Phone apps and websites for the Family Caregiver

Date:

November 21, 2022
Reading Time: 4 minutes

apps and websites for the Family Caregiver

Practically speaking, phone and computer apps don’t come close to solving every caregiver challenge. Where is the app that makes all of your siblings willing and able to provide care for your frail dad? Or how about the app that cleans up the bathroom after you assist your spouse, who has dementia, take his shower? No, the burden of these and many other activities remains with the caregiver. Nonetheless, computer and mobile device applications excel in areas such as sorting, organizing, recording, locating, informing, matching, coaching, calming and reminding. These digital tools are evolving to provide solid service in ever dependable and useful ways.

Types of Caregiver Applications (Apps) and Websites

  • Coordinating Care: 
    Need a place where family, friends and neighbors can go to find out how they can help you with caregiving? Post information for people to stay updated about life and care issues? Offer a calendar where members of your group sign up to provide transportation to doctor appointments or come by for a visit and more?

  • Managing Appointments and Tasks: 
    These applications allow multiple people to maintain a single calendar color-coded by user, assign and coordinate tasks, establish a list of what needs to be done and notes for the status of a given project or event.

    • Examples: Google Calendar or search for “Shared Calendar” in the Apple App store or Google Play store. 
  • Medical Apps & Medication Management:
    In the past few years, many doctor’s offices have changed to online communications. In their portal you can schedule appointments and send messages which often are answer quickly. Other trusted medical apps can provide information on medications and conditions. When faced with multiple prescriptions and over-the-counter medications, remembering when to take what pill when and with what can be confusing at best. These applications often include pill identification tools such as Davis’s Drug Gude for Nurses, medication scheduling trackers and reminder alarms all personalized to fit your requirements.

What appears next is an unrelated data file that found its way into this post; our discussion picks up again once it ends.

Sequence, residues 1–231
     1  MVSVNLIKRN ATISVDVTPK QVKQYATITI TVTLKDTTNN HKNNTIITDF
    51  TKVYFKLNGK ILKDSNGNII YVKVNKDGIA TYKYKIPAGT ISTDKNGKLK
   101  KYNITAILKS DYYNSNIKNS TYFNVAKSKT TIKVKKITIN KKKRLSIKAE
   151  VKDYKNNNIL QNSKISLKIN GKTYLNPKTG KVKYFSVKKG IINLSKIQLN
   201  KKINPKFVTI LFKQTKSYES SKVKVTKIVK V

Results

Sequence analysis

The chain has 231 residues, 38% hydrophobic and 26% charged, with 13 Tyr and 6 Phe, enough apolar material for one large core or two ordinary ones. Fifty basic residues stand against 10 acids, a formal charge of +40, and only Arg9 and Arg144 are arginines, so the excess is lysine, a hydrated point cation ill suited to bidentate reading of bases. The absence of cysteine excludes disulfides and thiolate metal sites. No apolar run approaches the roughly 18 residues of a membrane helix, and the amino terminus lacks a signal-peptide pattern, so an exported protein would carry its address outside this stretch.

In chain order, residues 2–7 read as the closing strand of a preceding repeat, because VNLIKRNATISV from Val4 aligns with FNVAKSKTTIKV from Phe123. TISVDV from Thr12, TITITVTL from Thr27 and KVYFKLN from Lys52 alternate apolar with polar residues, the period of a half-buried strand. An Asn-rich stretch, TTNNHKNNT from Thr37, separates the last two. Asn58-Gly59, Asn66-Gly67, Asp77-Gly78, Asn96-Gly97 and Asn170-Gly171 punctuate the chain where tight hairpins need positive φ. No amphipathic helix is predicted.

• Social and Emotional Support:
    • Caregivers all too often feel alone and isolated. Forty percent to 70 percent of family caregivers have high-risk symptoms for depression. Of these caregivers, one quarter to one-half meet the diagnostic criteria for major depression (Zarit). Communities of caregivers are available online and by mobile phone 24 hours a day to listen and to provide much needed encouragement.
    • Examples: PTSD Coach, Alzheimer’s Connected 
  • Self-care, Meditation and Spirituality:
    • Sometimes, a physical respite from caregiving isn’t always possible. You may find yourself with a mere 10-15 minutes to yourself on a particularly stressful day of caregiving not long enough for a hot bath, perhaps, but enough time to calm your mind with an audio-based app playing nature sounds, soothing music or a repetition of mantras or chants. Whatever works to calm your mind can certainly work on calming your body. One popular place to listen to music and sounds online is Pandora (both a website, www.pandora.com, and an app), an online radio site that allows users to type in an artist, genre, or composer to build their own personalized radio station.
    • Examples: Calm, Headspace, Insight Timer, Meditation Oasis, at www.Pandora.com, try “Nature Sounds Radio.”, search “Meditation” on the Apple App Store or the Google Play store.
  • Information & Education: